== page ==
The Relationship Between Temperature and Produce Quality

by Jim Thompson

 Temperature is the most important factor controlling the postharvest life of fresh produce.  Holding produce at its lowest safe temperature will reduce:

  1. Flavor and nutrition loss caused by respiration,
  2. Weight loss caused by transpiration through the surface of the product,
  3. Decay caused by mechanical damage and fungal infection, and
  4. Color, flavor and premature ripening caused by exposure to ethylene gas, a common pollutant in produce cold storages.

The general rule is to cool produce to its lowest possible temperature as quickly as possible after harvest and keep it cold throughout the handling chain.

What is the lowest safe temperature for produce?

Most green vegetables should be cooled to near 32°F (0°C). Many fruit-type vegetables (for example tomatoes, peppers) are chilling sensitive and should be kept at 45° to 55°F (7° to 13°C). Melons vary in their optimum temperature, but most are held in the range of 40° to 50°F (4°C to 10°C). Fruits and berries should be held at 32°F (°0C) with the exception of tropical origin fruits like bananas, mango, papaya, etc. Actually, most fruits have a high sugar content and can be held a few degrees below 32°F without being subject to freezing injury. For the optimum temperature of a specific produce item consult http://postharvest.ucdavis.edu or http://www.ba.ars.usda.gov/hb66/contents.html.

How quickly after harvest should produce be cooled to its storage  temperature?

This varies from a few hours to a day depending on the item. The table below gives some examples of acceptable cooling delays. However these times assume the product is kept out of direct sun and near room temperature, and is healthy fruit harvested in favorable weather.

 Acceptable cooling delay (hours)

Fruits & Melons Vegetables

2

Strawberry, grape if >30°C

4

Apricot, cantaloupe Asparagus, mushroom, leafy green vegetables, sweet corn

8

Avocado, grape if <20°C, kiwifruit, mandarin, peach, nectarine, Artichoke, bell pepper, cauliflower, carrot, summer squashes, cucumber, eggplant, green bean, green onion,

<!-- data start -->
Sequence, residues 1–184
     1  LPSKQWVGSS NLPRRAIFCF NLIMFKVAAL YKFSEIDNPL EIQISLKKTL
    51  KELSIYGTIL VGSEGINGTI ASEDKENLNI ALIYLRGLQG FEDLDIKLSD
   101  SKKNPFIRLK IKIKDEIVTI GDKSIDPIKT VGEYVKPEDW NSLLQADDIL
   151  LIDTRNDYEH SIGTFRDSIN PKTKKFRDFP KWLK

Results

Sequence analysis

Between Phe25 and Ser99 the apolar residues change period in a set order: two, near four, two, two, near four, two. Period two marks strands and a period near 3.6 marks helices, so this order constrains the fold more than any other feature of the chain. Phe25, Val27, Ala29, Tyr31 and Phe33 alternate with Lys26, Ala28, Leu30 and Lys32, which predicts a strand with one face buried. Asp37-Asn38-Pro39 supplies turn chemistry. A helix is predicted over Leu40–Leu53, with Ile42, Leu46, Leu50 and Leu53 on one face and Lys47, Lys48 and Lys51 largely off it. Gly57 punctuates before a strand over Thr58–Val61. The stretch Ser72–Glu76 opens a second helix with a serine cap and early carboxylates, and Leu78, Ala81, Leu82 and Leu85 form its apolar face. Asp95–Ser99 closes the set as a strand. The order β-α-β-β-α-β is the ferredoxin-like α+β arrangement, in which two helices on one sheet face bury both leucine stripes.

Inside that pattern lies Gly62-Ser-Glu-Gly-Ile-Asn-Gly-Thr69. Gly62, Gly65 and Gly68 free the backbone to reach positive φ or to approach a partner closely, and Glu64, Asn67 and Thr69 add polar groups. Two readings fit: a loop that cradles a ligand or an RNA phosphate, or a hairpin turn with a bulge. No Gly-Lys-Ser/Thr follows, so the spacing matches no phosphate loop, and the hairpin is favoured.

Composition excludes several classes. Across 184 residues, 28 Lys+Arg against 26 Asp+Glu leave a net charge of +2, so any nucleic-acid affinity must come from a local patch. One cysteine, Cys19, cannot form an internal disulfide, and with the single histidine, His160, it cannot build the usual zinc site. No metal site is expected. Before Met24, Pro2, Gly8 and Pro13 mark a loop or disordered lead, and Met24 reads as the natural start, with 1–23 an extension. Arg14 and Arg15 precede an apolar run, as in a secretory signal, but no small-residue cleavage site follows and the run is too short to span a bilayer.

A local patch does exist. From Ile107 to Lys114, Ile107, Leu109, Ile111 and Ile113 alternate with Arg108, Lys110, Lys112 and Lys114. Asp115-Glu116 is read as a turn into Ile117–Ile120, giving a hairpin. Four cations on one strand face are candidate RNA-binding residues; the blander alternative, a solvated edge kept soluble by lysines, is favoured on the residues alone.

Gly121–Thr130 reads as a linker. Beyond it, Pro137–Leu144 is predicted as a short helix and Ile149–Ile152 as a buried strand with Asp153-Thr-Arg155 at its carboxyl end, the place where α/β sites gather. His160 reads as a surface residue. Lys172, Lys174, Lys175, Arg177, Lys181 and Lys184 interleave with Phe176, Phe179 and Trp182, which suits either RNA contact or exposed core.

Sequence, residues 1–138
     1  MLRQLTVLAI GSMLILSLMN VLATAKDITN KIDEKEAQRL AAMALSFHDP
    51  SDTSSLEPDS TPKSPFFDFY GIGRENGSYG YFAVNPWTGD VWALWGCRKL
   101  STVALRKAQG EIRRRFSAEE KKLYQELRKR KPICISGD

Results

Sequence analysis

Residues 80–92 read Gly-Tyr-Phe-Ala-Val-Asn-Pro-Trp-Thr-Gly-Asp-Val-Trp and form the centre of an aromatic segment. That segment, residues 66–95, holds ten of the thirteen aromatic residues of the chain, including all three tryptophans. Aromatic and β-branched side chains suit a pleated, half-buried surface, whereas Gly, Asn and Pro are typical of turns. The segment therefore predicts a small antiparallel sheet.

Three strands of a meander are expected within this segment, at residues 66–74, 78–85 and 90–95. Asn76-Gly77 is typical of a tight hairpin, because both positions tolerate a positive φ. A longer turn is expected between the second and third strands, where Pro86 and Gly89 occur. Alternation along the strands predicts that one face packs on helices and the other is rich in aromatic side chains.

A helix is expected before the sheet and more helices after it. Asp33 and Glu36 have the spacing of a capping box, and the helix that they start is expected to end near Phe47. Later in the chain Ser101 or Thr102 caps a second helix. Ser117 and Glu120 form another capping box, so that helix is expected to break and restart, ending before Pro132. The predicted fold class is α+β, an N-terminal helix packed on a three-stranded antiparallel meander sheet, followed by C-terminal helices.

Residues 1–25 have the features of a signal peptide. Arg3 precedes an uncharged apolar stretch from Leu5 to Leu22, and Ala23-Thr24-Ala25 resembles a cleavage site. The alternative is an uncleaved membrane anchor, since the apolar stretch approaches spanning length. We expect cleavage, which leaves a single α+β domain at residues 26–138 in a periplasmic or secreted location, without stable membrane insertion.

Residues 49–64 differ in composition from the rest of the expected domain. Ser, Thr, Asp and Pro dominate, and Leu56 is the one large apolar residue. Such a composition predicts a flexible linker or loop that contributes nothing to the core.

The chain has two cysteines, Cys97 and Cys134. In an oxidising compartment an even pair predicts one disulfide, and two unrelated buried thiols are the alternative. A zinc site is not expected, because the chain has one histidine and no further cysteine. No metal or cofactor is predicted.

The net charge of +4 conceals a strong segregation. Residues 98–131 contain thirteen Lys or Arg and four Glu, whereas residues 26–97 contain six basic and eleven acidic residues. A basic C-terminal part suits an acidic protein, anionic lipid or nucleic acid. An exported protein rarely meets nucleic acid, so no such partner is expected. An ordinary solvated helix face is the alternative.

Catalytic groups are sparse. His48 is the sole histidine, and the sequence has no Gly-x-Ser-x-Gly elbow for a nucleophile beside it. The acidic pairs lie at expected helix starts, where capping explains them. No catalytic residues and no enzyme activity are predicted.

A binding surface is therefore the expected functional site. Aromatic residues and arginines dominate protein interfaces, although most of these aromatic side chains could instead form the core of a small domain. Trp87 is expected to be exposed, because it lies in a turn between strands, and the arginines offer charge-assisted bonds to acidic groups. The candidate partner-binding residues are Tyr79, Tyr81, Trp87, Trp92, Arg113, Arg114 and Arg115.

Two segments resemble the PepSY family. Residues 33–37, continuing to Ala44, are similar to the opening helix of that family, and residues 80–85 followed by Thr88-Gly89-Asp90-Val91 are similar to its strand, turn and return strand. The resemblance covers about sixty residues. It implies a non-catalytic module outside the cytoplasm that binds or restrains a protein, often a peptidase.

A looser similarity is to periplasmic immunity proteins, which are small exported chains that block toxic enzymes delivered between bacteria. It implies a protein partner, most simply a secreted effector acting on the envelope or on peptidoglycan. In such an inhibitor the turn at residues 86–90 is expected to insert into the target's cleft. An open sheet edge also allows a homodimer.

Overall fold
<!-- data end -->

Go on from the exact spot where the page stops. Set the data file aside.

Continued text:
16

Honeydew, orange, pear, persimmon, plum Garlic, dry onion, peppers, potato, sweet potato, tomato

24

Apple, grapefruit, lemon,

 A few items, like bananas, pears, avocados, stonefruit, and tomatoes, are held near room temperature before marketing to condition them or initiate ripening. This is a specialized process and must be carefully managed to get good market quality.

What if my facility is not capable of cooling my product to recommended temperature?

Partial cooling is much better than no cooling at all. Some people start with cooling only the product that must have the longest shelf life. Others cool all of their product to an intermediate temperature. This shows them how temperature management can increase profit and later they invest in facilities that can provide optimum temperature management.

If my product is going to rewarm in handling, is it better to not cool it rather than subject it to cooling and then reheating?

Best quality is obtained by keeping produce as cold as possible as long as possible. Rewarming is not desirable, but not cooling at all is even worse.

About Banana Jim

Invented Tarpless Ripening in 1990 (some would argue that!), working at D Theoderedis in Bethlehem, PA. Founded Thermal Technologies, then sold it in 1997. Now head up Global Cooling, with the best ripening rooms and precoolers available. Ethylene scrubbers and ultrasonic humidifiers, too.
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